Thursday, January 26, 2006

Why I Don't Feel Sorry For Oprah

In 2002, after feeling snubbed by author Jonathan Franzen (who stated he was uncomfortable with the "corporate endorsement" of his book), Oprah Winfrey childishly declared "It has become harder and harder to find books on a monthly basis that I feel absolutely compelled to share." She then stopped regularly featuring relatively new fiction releases in her Oprah Book Club. She didn't want to admit it, but she was embarrassed by the perceived snub from Franzen.

For a while, there were no Oprah picks, and then she alighted on a "novel" concept and began featuring classics. This didn't go over well with the public, so she switched gears and decided to focus on "serious" works, like memoirs.

Once again, reading Oprah picks became hip. That is, until it was revealed that the author just might be a bit of a Fibber McGee.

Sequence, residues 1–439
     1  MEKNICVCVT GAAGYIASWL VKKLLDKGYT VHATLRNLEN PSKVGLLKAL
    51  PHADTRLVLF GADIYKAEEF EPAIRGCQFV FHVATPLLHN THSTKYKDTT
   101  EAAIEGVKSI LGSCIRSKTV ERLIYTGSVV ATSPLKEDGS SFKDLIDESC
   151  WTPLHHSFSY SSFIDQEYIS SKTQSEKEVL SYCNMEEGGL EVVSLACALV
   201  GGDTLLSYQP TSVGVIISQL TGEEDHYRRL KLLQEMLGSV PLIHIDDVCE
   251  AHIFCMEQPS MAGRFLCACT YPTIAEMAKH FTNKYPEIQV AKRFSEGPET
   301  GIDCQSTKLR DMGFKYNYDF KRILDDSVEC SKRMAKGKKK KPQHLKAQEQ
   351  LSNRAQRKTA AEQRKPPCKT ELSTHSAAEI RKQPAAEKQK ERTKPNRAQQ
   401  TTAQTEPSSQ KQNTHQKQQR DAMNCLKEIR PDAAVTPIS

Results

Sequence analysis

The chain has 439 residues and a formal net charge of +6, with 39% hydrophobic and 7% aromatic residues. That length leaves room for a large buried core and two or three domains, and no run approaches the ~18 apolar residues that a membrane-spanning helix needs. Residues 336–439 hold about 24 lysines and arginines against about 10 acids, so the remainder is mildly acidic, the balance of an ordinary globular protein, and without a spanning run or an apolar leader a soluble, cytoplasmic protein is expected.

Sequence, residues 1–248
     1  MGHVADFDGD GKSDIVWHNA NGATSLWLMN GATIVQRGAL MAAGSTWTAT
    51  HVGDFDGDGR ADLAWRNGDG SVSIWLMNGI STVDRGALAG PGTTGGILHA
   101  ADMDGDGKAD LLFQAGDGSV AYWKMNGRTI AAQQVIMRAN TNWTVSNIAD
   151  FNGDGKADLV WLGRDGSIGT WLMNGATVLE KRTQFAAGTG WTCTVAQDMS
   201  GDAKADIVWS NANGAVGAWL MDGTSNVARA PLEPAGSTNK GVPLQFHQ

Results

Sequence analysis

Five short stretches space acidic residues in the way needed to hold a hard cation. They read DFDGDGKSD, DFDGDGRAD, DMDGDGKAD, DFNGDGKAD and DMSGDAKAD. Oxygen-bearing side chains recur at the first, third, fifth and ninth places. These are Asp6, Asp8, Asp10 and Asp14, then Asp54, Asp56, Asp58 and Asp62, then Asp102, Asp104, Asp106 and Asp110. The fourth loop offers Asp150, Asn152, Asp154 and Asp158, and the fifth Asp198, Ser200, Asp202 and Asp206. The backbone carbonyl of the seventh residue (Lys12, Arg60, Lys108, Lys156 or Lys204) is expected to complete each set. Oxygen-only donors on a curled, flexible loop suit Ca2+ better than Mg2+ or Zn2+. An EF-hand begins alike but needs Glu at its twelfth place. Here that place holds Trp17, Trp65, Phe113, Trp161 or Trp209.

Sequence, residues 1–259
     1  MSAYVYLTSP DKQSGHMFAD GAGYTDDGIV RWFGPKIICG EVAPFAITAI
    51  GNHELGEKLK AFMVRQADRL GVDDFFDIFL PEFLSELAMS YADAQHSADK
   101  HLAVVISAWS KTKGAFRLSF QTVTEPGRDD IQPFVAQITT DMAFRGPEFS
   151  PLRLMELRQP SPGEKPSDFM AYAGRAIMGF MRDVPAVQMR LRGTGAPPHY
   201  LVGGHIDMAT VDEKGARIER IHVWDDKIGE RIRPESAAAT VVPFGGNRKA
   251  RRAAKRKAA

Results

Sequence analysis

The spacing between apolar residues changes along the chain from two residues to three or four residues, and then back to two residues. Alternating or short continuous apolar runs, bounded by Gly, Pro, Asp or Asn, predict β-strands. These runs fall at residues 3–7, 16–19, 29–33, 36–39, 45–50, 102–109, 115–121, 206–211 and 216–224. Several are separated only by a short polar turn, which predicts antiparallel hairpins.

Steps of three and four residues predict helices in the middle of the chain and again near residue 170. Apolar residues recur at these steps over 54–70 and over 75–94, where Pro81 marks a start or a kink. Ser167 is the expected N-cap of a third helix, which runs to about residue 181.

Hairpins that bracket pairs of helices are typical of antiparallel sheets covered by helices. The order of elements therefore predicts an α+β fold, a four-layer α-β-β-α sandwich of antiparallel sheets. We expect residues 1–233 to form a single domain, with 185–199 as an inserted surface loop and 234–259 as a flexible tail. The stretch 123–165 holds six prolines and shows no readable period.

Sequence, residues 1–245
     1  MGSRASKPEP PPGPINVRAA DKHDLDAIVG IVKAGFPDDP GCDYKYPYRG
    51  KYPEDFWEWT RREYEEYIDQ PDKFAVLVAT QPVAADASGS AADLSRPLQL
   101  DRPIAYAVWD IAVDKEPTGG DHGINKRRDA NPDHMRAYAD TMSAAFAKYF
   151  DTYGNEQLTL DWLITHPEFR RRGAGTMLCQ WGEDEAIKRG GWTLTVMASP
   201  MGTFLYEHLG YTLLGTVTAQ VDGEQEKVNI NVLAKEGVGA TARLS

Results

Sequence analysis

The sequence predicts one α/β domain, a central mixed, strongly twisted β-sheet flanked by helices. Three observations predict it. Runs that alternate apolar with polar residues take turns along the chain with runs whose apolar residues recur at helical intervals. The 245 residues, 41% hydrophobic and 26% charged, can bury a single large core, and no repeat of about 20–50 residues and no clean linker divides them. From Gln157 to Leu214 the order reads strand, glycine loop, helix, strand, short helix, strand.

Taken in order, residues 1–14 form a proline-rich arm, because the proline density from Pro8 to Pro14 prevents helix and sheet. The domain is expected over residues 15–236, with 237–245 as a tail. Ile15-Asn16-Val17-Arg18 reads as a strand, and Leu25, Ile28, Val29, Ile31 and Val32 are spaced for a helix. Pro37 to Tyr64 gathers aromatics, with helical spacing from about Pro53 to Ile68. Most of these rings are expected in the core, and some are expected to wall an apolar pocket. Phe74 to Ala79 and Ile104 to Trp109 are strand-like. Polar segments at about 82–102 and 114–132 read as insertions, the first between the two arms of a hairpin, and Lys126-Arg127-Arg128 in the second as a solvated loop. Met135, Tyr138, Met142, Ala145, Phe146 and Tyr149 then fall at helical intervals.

Oprah - for whatever reason: embarrassment, pride, you name it - decided to stand by Frey. Sure, she might have sounded a little disappointed to the listener, but she stood by her choice... and Frey's embellishment.

Unlike the Franzen snub that resulted in a complete overhaul of the Oprah Book Club, which was just accepted without question, the Frey support incensed viewers and fans. The evidence was clear: Frey lied. After a deluge of letters, emails and calls, Oprah could ignore it no more. She decided to interview Frey herself.

"Alternately fighting back tears and displaying vivid anger," Oprah supposedly lit into Frey, obviously more upset about her reputation and gullible acceptance of the book's story than Frey's untruthfulness.

All I can say is, STOP CRYING, Oprah. This never would've happened if you had stuck to fiction in the first place.

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